Federal fracking rule pelted with lawsuits; more on the way

By Ellen M. Gilmer | 03/27/2015 08:26 AM EDT

An anticipated cascade of litigation targeting the Obama administration’s new drilling rule gained speed yesterday as a Wyoming lawsuit became the second legal challenge on court dockets so far.

An anticipated cascade of litigation targeting the Obama administration’s new drilling rule gained speed yesterday as a Wyoming lawsuit became the second legal challenge on court dockets so far.

Wyoming’s suit accuses the Interior Department’s Bureau of Land Management of abusing its power in crafting new requirements for fracking and drilling on public and American Indian lands. The challenge joins an industry lawsuit filed minutes after the rule’s unveiling in kicking off what is likely to be a protracted legal battle over the controversial regulatory scheme.

The rule, in the works for more than three years, establishes new requirements for hydraulic fracturing chemical disclosure, well construction and wastewater management. Stakeholders across the spectrum — states, tribes, environmentalists and industry — have criticized the new Interior regulation as either an expensive federal overreach or a missed opportunity to protect the environment as high-volume fracking gains popularity across the country (EnergyWire, March 23).


The opening legal shots come from the parties with the most to lose: Wyoming, with its 4 million oil- and gas-producing acres of federal lands, and independent producers, the companies most vulnerable to the sting of the projected $11,000-per-well cost to comply with the new rule.

The industry lawsuit, filed by the Independent Petroleum Association of America and Western Energy Alliance last week, argues that Interior’s rule creates "arbitrary and unnecessary burdens" that duplicate state law and infringe on state powers. The filing urges the U.S. District Court for the District of Wyoming to strike down the new rule as a violation of the Administrative Procedure Act for imposing steep costs on industry without significant environmental gains.

Wyoming’s challenge follows similar lines, contending that BLM has overstepped its authority. The lawsuit argues that the agency’s attempt to regulate fracking violates the Safe Drinking Water Act, which assigns underground injection control issues to U.S. EPA, and the 2005 Energy Policy Act, which exempts hydraulic fracturing from EPA’s UIC program.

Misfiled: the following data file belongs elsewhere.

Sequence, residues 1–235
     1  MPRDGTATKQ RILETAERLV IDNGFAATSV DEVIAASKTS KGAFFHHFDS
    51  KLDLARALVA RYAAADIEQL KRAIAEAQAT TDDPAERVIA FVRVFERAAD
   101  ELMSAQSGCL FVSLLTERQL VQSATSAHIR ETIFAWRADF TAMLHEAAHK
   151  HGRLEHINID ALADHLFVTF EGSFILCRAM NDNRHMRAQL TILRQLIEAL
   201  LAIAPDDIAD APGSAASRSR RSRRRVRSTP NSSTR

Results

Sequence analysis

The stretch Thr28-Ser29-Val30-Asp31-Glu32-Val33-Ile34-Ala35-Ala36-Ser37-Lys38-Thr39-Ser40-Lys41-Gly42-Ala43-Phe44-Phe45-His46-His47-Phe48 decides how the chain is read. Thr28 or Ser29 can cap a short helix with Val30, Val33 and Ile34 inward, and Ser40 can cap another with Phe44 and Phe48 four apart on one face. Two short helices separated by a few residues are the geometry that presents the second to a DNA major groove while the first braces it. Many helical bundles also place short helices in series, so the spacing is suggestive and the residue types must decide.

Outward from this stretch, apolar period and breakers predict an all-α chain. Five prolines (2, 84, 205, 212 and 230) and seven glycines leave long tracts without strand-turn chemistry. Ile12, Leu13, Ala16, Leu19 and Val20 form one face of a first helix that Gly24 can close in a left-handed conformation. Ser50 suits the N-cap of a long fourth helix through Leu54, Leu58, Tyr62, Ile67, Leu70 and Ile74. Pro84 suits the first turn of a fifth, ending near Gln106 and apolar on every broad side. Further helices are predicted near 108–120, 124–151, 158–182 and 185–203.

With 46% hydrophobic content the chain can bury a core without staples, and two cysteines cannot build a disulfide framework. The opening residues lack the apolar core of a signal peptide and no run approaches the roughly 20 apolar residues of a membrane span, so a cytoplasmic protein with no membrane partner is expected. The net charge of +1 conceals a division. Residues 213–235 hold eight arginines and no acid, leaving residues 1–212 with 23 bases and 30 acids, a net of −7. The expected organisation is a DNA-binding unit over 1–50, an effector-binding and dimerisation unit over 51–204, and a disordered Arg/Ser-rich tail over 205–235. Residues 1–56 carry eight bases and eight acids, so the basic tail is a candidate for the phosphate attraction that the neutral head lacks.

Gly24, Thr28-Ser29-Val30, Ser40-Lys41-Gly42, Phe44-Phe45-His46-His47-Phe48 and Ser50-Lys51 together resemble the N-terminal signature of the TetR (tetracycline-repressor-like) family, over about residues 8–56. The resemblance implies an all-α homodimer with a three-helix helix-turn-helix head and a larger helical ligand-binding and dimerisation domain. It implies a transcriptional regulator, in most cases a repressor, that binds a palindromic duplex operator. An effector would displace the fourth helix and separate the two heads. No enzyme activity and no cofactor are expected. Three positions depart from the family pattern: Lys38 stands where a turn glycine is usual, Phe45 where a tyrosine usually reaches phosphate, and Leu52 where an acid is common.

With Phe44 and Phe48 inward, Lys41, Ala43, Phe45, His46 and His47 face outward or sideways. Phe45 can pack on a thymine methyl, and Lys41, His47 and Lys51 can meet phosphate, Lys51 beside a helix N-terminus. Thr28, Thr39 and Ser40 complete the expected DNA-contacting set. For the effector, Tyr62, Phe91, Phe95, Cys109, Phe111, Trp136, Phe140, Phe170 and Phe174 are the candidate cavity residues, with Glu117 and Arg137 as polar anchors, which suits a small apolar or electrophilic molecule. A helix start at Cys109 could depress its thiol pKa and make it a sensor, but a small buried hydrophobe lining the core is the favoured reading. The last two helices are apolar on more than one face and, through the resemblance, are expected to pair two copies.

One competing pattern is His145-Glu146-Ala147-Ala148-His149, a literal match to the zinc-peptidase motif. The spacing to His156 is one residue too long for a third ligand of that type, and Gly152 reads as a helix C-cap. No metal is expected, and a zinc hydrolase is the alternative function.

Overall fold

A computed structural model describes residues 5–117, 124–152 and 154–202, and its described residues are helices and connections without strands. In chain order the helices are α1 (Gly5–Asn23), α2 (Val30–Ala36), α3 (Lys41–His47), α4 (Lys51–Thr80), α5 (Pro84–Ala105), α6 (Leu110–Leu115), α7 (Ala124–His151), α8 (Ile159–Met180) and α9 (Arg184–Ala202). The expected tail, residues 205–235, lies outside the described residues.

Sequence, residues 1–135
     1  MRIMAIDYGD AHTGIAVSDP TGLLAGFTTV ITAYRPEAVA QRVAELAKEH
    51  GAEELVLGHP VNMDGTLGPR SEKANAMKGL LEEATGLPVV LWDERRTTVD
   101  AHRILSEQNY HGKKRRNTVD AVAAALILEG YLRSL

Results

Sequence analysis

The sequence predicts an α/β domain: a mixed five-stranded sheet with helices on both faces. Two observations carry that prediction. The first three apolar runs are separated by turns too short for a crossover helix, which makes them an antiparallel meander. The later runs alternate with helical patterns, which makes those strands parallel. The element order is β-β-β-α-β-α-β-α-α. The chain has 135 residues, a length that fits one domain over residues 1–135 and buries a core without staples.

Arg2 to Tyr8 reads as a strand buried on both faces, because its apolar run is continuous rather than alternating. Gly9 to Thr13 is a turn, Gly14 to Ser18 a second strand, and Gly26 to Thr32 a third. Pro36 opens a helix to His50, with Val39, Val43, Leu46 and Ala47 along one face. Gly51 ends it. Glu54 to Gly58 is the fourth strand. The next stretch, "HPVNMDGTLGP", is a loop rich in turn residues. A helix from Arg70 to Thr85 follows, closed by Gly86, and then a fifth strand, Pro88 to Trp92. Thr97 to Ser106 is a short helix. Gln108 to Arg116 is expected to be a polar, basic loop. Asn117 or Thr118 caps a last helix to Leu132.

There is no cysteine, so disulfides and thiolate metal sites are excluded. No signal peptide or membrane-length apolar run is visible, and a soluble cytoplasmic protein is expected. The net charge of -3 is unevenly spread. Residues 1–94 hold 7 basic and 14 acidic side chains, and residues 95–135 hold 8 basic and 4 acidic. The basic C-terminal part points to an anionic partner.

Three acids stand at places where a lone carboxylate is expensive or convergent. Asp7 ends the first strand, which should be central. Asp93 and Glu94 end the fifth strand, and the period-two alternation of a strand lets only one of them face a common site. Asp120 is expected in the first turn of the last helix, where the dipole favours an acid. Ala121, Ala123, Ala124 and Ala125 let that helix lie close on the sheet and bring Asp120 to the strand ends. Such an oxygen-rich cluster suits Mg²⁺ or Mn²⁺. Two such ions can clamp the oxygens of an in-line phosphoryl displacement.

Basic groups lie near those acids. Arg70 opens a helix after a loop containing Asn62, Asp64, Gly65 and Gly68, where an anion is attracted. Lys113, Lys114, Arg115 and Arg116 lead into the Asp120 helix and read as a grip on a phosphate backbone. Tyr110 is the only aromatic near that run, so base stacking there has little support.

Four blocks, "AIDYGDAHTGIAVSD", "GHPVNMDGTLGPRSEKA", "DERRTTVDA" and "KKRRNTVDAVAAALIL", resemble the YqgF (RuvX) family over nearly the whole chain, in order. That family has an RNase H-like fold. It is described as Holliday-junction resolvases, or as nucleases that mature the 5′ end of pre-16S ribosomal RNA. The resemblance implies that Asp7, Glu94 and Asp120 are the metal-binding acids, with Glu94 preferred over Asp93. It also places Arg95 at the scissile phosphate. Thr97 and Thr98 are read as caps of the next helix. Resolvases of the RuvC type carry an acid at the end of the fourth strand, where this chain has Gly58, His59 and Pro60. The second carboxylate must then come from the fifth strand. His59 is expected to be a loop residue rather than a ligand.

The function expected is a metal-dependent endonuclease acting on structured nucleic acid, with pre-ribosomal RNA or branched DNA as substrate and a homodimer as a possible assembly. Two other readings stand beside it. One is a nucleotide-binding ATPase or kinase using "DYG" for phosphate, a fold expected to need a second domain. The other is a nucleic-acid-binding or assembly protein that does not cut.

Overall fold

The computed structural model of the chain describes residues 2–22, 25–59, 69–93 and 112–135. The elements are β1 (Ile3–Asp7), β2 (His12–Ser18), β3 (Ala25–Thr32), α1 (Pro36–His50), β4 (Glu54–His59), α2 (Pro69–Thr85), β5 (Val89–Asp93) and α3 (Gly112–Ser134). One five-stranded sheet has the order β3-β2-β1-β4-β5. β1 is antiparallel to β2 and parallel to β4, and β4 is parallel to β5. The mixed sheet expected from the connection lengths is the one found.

BakerHostetler attorney Mark Barron, who is representing industry in the first lawsuit, said Wyoming’s decision to enter the fray demonstrated the high level of concern over the rule.

"Wyoming’s willingness to fight these regulations in federal court is evidence of the extent to which Interior’s action represents regulatory overreach and an untenable infringement on state sovereignty," Barron said in a statement.

In a House Natural Resources subcommittee hearing yesterday, BLM Director Neil Kornze said the agency this week began discussions with Wyoming officials to allow the state to manage regulation of certain aspects of drilling covered by the new rule as part of a "variance" process included in the final version.

‘Litigation is always an option’

With state and industry suits already filed, all eyes are now on environmentalists to see when or whether they challenge the rule. Many groups have been tempered in their response to the rollout, noting that the rule is an important "first step" toward regulating fracking but expressing overall disappointment because of its narrow focus.

"The bottom line is: these rules fail to protect the nation’s public lands — home to our last wild places, and sources of drinking water for millions of people — from the risks of fracking," said Natural Resources Defense Council attorney Amy Mall in a statement after the release. "More than ever, this underscores the urgent need to get better protections in place around the country — at the local, state and federal levels."

Attorneys for frequent litigants like NRDC and the Center for Biological Diversity have remained tight-lipped about any plans to challenge the rule but did not rule out litigation.